“In relation to my role as a HE lecturer, I would like to enrich my teaching through my practice and to establish research interests in relation to my work.”

A larger range of Ellen’s work can be seen in her online gallery HERE:

Helen Graham

Signs, symbols and mythology inform ceramist Helen Graham’s work.

Using handmade porcelain and terracotta forms, she creates thought-provoking works on themes such as politics, feminism and advertising.

Her current practice is a progression from her MA in Visual Arts.

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Creating hand-built forms from Southern Ice porcelain – a “very white, very translucent and very expensive” material – Helen imposes recognisable contemporary symbols on to handled flasks that reflect Classical and pre-Classical history and mythology.

Helen says:

“I am interested in themes such as gender and semiotics, and aim to create a visual narrative through inlaid decoration. Some are obvious comments; others are more obtuse and open to interpretation.”

Forms are created to reflect Ancient Near Eastern and Greek designs and decorated with, for example, female and male symbols for toilets, mixed in with religious imagery such as a bishop’s mitre. Helen designed this work to question the current Pope’s pledge to address world poverty while rejecting women’s reproductive rights, and refers to it as a commentary on Christianity’s uneasy relationship with women.

“We live in a culture where women’s lives are determined by the ways in which they are perceived,” she says. “And yet, at the 2013 United Nations Commission on the Status of Women, the term “reproductive rights” was removed, such is the strength of the Vatican lobby”.

“I am fascinated by archaeology and ancient sites and am a complete trainspotter for pre-Christian imagery. Many pre-Christian religions had female deities but Christianity either maligned them, or appropriated them and their festivals.”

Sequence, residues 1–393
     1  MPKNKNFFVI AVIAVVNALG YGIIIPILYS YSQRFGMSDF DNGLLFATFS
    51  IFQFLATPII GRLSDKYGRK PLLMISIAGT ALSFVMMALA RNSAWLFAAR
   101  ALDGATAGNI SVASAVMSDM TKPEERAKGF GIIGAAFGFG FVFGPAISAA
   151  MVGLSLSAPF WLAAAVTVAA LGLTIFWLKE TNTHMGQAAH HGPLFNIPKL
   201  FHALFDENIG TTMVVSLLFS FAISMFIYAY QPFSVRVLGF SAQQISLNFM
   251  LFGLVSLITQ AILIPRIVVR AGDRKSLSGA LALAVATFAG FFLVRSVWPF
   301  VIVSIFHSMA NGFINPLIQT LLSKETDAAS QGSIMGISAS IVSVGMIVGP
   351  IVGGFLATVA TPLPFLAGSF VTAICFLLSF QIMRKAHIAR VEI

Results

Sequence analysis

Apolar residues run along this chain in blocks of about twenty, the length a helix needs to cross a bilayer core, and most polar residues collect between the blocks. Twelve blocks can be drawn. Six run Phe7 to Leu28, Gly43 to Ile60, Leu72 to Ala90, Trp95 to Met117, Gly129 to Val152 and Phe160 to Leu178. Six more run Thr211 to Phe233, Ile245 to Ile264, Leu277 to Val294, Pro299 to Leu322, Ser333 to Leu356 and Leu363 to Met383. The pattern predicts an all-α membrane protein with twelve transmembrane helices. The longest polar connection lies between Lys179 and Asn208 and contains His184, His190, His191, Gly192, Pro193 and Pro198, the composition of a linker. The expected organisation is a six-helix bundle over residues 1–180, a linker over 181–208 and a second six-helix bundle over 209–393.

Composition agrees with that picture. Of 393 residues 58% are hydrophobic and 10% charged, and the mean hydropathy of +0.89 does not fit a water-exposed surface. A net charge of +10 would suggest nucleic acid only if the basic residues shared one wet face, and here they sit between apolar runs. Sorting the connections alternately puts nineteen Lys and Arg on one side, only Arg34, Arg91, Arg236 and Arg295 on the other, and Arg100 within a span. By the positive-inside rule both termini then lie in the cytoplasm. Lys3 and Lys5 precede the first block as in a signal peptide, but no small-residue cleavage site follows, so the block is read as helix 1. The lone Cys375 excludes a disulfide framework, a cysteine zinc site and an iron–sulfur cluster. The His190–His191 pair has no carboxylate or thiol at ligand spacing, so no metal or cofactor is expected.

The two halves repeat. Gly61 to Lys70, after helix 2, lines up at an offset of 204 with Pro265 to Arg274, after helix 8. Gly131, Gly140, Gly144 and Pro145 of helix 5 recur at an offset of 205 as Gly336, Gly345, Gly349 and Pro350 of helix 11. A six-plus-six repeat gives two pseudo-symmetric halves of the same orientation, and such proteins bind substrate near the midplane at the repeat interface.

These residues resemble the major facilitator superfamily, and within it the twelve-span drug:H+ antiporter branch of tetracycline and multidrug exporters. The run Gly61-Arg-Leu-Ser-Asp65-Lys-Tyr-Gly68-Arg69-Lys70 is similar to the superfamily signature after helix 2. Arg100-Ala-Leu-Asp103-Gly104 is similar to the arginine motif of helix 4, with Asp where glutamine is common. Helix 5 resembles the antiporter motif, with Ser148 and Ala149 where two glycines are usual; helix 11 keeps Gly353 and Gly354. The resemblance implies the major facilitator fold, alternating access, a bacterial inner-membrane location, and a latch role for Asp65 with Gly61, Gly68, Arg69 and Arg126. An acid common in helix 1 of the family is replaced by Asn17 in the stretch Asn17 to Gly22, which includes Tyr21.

Other recent works include a series about the 2012 Olympics, depicting Jessica Ennis and a female Iraqi archer,

“it’s a comment about passivism and women as products”, says Helen.

She is currently building her practice in preparation for the pursuit of a PhD.

Prior to her MA studies, Helen completed a BA (Hons) in Art and Design at Bradford University, specialising in ceramics and print-making (1989). She worked on a Creative Workshop Scheme and, in 1990, won a Princes Trust grant to investigate Portuguese ceramics, such as azulejoes and decorated majolica ware.

Helen was a founder member of Prospect Mill Studios in Thornton, Bradford. She is a qualified and experienced silversmith and holds a PGCE qualification. She has been teaching at HSAD since 2000.

She exhibits and sells her work widely, most recently at the British Craft Fair, Dean Clough in Halifax and at Gallery Eleven in Hull as part of a Northern Potters’ Association show. Upcoming exhibitions include a display in the North York Moors visitor centre at Danby; the Lillian Coleman Gallery in St John’s Wood, London; and The Meeting Room at South Square Centre in Thornton, Bradford, in November.

You can view Helen’s ceramics at: www.helengraham.org.uk.